Living Stones Academy

Educating by atmosphere, discipline, and life

New math, old math

on April 12, 2011

Do not allow a child to count by ones to find how many objects there are in a group, but teach him to recognize the group as a whole. — Teach what three means by repeatedly combining two and one, and one and two, into groups of three apples, three blocks, three marbles, three books, three pencils, three lines, three dots, etc., etc., and then immediately separating these groups again into their component parts, two and one, or one and two, apples, blocks, etc. When the group three instantly suggests the idea three to the entire class, teach four in the same manner by combining and separating one and three, three and one, and two and two objects. Make all the possible combinations and separations of integers forming each number, using as wide a variety of objects as possible.—From “Eclectic Manual of Methods” for McGuffey Readers and Ray’s Arithmetic

Today I witnessed a very good reason for not teaching children strictly how to read numerals—the physical representations for number 1, 2, 3, etc. Also why you want to be careful with what comparison words you use. For some reason we believe that small children are  both unbelievable sponges yet at the same time not too bright, so we throw information at them, but dumb down some of it. I know we’re guilty of saying “This number is BIGGER than this number” instead of “This number is MORE than. . . .” It’s not technically wrong, but if all they know of numbers are the written numerals then they have no concept of why it is more, and start to think in terms of size of the numerals.

Saw this firsthand this morning. Caleb and Isaac were playing with the foam number blocks—you know those interconnecting mats you can get? I heard Caleb say loudly, “So, Isaac”—by the way, he loves to pretend to teach like mommy –“is 6 bigger than 0?” Both said in unison, “NOOOO!!!”

Obviously I had to jump in—forget the laundry—and correct this right away! I went to the room, pushed aside the large numbers, and collected 6 plastic beads (the large baby kind). I told both boys to hold out their empty hands and tell me how many they had.

The trouble I then ran into is that Isaac cannot operate without his imagination (hence his tendency to make up stories about dragons when the Pastor asks him about the Bible, be scared of the dark—Caleb never was until Isaac convinced him it was scary; etc). Instead of looking at his hands and saying, “None” or “Zero” or “I don’t have any”, he kept grinning and saying, “One!” “Two!” “Six!” I finally gave up and told only Caleb to answer. Sometimes Isaac is MOTO (Master of the Obvious) and other times he’s MOTI (Master of the Imagination). Caleb is usually literal, if not always accurate or obvious.

Having decided which boy was best to talk to, we commenced with the lesson. I think we spent 5 minutes on it.  And we corrected the comparison words by working on saying “Three is MORE THAN two; zero is LESS THAN 6” instead of saying bigger and smaller. It worked to a point. Currently they are practicing (read: playing) on their own, but not using the foam letters: using the same beads I did.

I’m now changing my scope and sequence for math for next year to include those things I saw missing today.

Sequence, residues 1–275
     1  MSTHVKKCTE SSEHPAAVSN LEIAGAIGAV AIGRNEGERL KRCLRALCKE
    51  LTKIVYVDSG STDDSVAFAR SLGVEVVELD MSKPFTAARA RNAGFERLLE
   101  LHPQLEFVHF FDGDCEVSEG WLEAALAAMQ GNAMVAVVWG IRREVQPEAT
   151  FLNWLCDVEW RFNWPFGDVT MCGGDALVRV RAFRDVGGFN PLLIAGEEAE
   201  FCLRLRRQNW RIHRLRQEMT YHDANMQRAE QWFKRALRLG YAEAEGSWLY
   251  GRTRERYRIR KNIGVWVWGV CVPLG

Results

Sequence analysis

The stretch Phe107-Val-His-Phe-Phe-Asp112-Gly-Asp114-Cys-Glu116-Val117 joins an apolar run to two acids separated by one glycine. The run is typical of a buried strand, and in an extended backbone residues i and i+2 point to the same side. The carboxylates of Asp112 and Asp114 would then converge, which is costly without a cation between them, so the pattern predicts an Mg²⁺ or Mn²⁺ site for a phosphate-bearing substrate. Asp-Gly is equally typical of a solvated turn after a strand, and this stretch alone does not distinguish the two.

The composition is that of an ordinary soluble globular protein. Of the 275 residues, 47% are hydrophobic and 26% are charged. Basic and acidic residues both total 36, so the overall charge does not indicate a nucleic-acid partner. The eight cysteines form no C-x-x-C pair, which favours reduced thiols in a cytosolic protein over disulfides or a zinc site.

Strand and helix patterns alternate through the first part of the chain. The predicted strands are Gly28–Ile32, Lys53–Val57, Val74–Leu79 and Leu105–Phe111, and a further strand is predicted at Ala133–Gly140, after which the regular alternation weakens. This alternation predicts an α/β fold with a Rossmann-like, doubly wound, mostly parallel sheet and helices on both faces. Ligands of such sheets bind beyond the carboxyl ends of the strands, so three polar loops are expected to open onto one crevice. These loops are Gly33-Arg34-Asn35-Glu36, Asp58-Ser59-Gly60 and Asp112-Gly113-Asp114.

I’m following Benezet’s Story of An Experiment as a basis for my scope and sequence, though it needs some tweaks. For instance, he doesn’t speak at all about recognizing quantity, and immediately wants children to recognize written numbers, which I’ve just said I don’t agree with. However, it is so far the best I’ve seen as far as what should not be covered in early years. Like telling time. Why on earth does a 5 year old need to read an analog clock? At 7 they start to have more responsibilities and so yes, then it is time to teach. But in kindergarten?? Also, counting money. When is your first grader going to be handling more than $1 on his own at the store? Yet everything I see out there—from Living Math to Stiller’s to MathUSee—has all these things covered in the very early years. Even Ray’s, who’s manual I quote above, has quite a bit of this scheduled in the first 3 years. Though they mostly discourage text work, which is what I love about the experiment, they still insist on all these ideas and more being introduced to a child that is still trying to get his brain around more and less than.

So I’m going to be using a hybrid over the next 6 years: Benezet, Ray’s, Receptive Math (free online lessons), and some living books on math (such as Number Stories of Long Ago, A Single Grain of Rice, etc). By the time we start delving into higher math like algebra, I hope to have children that are excited about finally seeing in text and on paper the things they know, and hopefully love, so well.

For another mom experimenting with textbook-free math see this blog.

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3 responses to “New math, old math

  1. Wow, so obvious, yet I managed not to notice, lol. Math lesson plans will be changed for today just to make sure that my little ones understand that it is not size but QUANTITY!

    • Good to know it’s not just me and I wasn’t making a generalization about others! LOL Glad to share. 😀 I’ll be checking out your blog, love to know what other homeschoolers are doing.

  2. […] just read a great article, “New math, old math“, posted on Sixsmoothstones blog.  Be sure and take a peak, it is simplistic but incredibly […]

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